To bring new readers up to speed: DeepCapture long ago exposed hedge fund towel boy Roddy Boyd through such literary gems as Mark Mitchell’s “Michael Milken, 60,000 Deaths, and the Story of Dendreon” (N.B. Chapter XII), and my own essay, “Roddy Boyd Sucks It Like He’s Paying the Rent (Fortune Magazine)“, an exegesis of the collapse of Rocker Partners and review of the journalistic fellatio Roddy performed thereon (this latter piece should be read in conjunction with “Carol Remond Tells a Joke She Doesn’t Get“). I encouraged Fortune spokeswoman Katy Reitz to follow the emerging story on Roddy: whether for that reason or others of their own, Fortune and Roddy parted ways soon thereafter, Roddy to slither into his own unique and arrest-warrant-laden world (that’s him, just above the child porn guy).
As my feelings may not be obvious, even-handedness and transparency dictate that I disclose that compared to Roddy I’ve observed more intellect in a ice addict sitting on the floor of a 7-11 trying to remember how to use Comet and Pam Spray to cook meth, and more dignity in a crackhead living off $2 hand-jobs at the bus station.
Followers of the Overstock story (itself a sub-plot of the DeepCapture epic) know that at the end of 2008 Gradient Analytics’ Donn Vickrey and Bettis Brothers Carr and Leland apologized for and retracted years’ worth of lies, accusations, and smears about Overstock. Given that they had made their allegations a cornerstone of their business development, their decision to apologize and recant may, I suspect, have undermined their ability to represent themselves as anything but lapdogs willing to charge for shill “research” one day those same fund managers they’ll sell out the next. Then in late 2009, Rocker Partners dropped their counter-suit against Overstock and made their own apology in the form of a $5 million check.
In a process known as “discovery”, in the course of this lawsuit both sides turned over millions of pages of documents to the other. Since the turning over of documents and depositions thereon, Gradient Analytics publicly retracted their accusations and apologized, and Rocker Partners dropped their counter-suit and coughed up $5 million: the litigation-conversant reader may make her own inference as to how the weight of evidence tipped the scales of justice in this particular case.
Of more immediate interest, however, is the fact that, though those millions of pages of documents are covered by protective orders of the court, and hence their disclosure by Gradient, Rocker Partners, or their esteemed counsels (e.g., Fred Norton, Esq.) would be illegal, Roddy Boyd today emerged in possession of this material, which he proceeded to use in clumsy attempt to reprise his role as minor Wall Street lick-spittle.
Now having spent my share of hours in the company of all of these luminaries of ethics and right action, which one violated the court’s protective orders is difficult for me to say. I’ve had mops with more character than the lads at Gradient Analytics. David Rocker is bitter and insane (I wonder how he played it at his country club: “I swear I’m innocent, folks, but just in case, I hired David Boies’ criminal defense partner“). Of course, in four years of litigation the ever-charming Fred Norton managed (as far as I could tell) precisely one moment of humanity, and even there, his motives were not entirely clear. So I’ll call it a photo-finish. (Though if I were a gambling man, I might have to put my money on the long-shot bet: the guys at Gradient, who give off that unique scent of low-rent hustlers just bright enough to have figured out they are playing out of their league but not bright enough to back away from the table).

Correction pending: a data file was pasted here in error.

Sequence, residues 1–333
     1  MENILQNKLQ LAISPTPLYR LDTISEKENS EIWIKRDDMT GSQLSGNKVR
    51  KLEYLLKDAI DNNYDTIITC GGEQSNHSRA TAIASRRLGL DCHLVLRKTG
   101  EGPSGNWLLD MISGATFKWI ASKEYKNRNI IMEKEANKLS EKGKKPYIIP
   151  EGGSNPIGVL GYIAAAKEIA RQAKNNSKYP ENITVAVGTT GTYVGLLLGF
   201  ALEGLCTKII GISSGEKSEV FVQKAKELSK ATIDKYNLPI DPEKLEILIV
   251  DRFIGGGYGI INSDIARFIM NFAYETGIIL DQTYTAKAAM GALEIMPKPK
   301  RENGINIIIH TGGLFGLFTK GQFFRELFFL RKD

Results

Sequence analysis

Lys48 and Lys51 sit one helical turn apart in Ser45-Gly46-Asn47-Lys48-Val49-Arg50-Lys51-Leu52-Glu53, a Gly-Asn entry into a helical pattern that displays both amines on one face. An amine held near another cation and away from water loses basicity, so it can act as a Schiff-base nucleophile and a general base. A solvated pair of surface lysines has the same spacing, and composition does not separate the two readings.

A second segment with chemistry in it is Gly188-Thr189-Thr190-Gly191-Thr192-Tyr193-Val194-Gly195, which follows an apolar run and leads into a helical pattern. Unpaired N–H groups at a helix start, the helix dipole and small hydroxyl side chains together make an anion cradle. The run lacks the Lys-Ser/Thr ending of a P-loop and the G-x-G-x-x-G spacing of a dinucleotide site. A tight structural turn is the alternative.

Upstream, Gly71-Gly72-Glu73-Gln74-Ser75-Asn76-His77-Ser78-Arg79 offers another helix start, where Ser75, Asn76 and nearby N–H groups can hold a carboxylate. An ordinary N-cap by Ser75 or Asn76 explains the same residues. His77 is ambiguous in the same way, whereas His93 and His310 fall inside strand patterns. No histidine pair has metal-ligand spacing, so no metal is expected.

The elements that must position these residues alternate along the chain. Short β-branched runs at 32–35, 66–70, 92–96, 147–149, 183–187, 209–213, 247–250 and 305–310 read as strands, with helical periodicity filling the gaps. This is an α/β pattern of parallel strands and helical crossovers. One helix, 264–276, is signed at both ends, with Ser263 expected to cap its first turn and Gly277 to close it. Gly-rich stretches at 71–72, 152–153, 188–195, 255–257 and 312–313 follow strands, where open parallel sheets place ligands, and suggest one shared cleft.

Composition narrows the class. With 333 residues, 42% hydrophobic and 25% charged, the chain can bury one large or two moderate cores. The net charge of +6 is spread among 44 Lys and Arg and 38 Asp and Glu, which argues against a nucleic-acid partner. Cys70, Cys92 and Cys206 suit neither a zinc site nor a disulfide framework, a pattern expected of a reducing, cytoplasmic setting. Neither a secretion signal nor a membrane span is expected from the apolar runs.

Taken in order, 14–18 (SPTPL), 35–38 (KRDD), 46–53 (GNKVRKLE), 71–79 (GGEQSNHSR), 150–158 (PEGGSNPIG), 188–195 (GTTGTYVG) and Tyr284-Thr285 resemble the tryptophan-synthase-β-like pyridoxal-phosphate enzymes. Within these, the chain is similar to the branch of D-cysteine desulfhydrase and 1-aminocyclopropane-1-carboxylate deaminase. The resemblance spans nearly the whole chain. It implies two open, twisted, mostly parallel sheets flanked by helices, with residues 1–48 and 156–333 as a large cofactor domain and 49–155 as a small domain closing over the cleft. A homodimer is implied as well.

Setting aside the issue of which of these pillars of our community gave the finger to a sitting California judge (and a retired federal judge who acted as Discovery Master in our litigation), an interesting question remains: will Roddy Boyd, having lost all appearance of reputation, honor, and employment, be game for another try?
And once again, Roddy doesn’t let us down.
Alas, beyond his brief stint at now-defunct criminal bacchanal that was Refco, Roddy has no actual work experience by which to make sense of the material thus provided him. So I think it best to let his email tell the story, with my brief answers inserted in bold italics.
From: Roddy Boyd [mailto:email@example.com]
Sent: Wednesday, January 13, 2010 7:04 AM
To: Patrick Byrne
Roddy Boyd here. I am writing a story for Slate’s thebigmoney.com. I have set up this email account for this query and will no longer use it after 4:30 pm EST tonight. I will phrase the questions as bluntly as possible because I am not seeking to engage in an E-mail exchange. Should you need to reach out to the story’s editor, Please approach Jim Ledbetter. I believe his email address is James.Ledbetter@thebigmoney.com. Please have your response in by 4:30 pm EST.
Your response will be linked to in its entirety, as well as referenced within the body of the story–I imagine it would look something like, “Patrick Byrne said, ‘xyz…..'” (To see Byrne’s full response, click here.)
Answer: Thanks for the tip, Roddy, but I just decided to answer here on DeepCapture. We appreciate the link, though, and will return it once you publish. Remember, we journalists have to stick together.
The story deals with Overstock’s state of affairs in the fall of 2005 and winter of 2006. Specifically, It (sic) references the problems you had with factors such as CIT because of Overstock’s losses and its percieved (sic) weak operating position. The governing theme of the piece is that financial investigative reporting on fully operational companies is imprecise (unlike say doing a post-mortem on Lehman or Enron.) In other words, the concerns of OSTK critics about liquidity and the build-your-own-jewelry initiative appear correct, but that they (likely) could never have guessed precisely why.